Day Two

It was a warm night, but a surprisingly crisp morning. I woke up at dawn, but being tired from the ride, I slept in for another hour. Once I got up, I used a small backpacking camp stove with some Esbit tablets to boil some hot water for coffee. For breakfast, however, I again built a campfire for both cooking and comfort. Again, in the spirit of roughing it, I made a prepacked, freeze-dried omelet meal from a package with boiling water. It was actually very tasty. To supplement this, I had a nice slab of bacon that I cooked in a frying pan on the open fire. Other campers were packing up, and a few new people came into the campsite, including some fellow bikepackers. After breakfast and enjoying the fire, I packed some items on my bicycle for a trip down to the beach. 

The beach is about four miles away and requires a trip over the Gil Hodges Memorial Marine Parkway Bridge to the Atlantic Ocean at the Rockaway Peninsula. Traveling over the bridge, I crossed a very large bay that had many boats out fishing and traveling around. The nearest beach is Jacob Riis Park and it’s a long sandy, beautiful gem of a beach, including a landmarked Art Deco bathhouse built in 1932.

I locked my bicycle to the railing on the boardwalk and went down to the beach and set up a blanket. I spent a couple of hours on the beach swimming, sunbathing, listening to music and people watching. Afterwards, I headed up to the boardwalk for lunch. There was live music being played at the bathhouse, and plenty of food and drink places. Most of these are unique venues serving homemade food of various types. I had some great tacos and some cold craft beer. The vibe was great and I could have stayed there all day.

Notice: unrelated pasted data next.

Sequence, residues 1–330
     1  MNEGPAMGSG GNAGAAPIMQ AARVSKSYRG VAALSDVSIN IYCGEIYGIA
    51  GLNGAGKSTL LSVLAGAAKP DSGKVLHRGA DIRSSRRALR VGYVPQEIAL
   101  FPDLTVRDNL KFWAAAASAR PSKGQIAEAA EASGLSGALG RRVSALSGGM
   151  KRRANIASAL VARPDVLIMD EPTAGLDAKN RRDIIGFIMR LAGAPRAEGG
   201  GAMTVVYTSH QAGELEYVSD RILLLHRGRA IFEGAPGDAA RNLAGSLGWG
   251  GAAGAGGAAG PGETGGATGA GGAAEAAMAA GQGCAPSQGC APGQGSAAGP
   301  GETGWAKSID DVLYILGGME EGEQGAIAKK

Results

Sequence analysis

Late afternoon, however, I got back on my bicycle and rode back to my campsite at Floyd Bennett Field. 

I started the campfire again, as I planned on cooking dinner before I packed up and headed home. I did not think that I was really hungry, but never the less, warmed up some leftover pasta that I had brought with me. Surprisingly, I had built up a hunger at the beach. While I was cooking, I broke camp, took down my tent, and repacked my bicycle. It was just starting to get dark and I had about 15 miles ahead of me, back through Brooklyn and Queens.

The ride home was uneventful, but during the ride I was able to think about all of the fun I had and started planning my next overnight bicycle adventure!

Your favorite local bike shop? Spokesman Cycles, 49-04 Vernon Blvd, Long Island City, NY 11101

Bike overnight tips and tricks? Probably the best idea was having a large front rack on the bicycle, similar to a delivery rack. I was able to roll up some of the gear and strap it to the rack including my airbed, blanket, and some other gear. My clothes, food, and tent went into/on two panniers on the back of the bike. Because there was potable water available at the site, I only brought a bottle of water for riding and a collapsible container to fill later.


HOW ABOUT YOU? Inspire others by submitting your own bike overnight adventure!

2 responses so far ↓

S - Oct 26, 2017 at 2:13 PM

Love that ride, I do it from the South Bronx down the Hudson and over the Brooklyn Bridge. It's a great alternative way to have a vacation in the city. Thanks for the post

Malcolm - Aug 14, 2018 at 12:23 PM

Brings back memories of my trip in 2012 from the Upper West Side to Floyd Bennett and onto the beach. i'm glad you enjoyed it!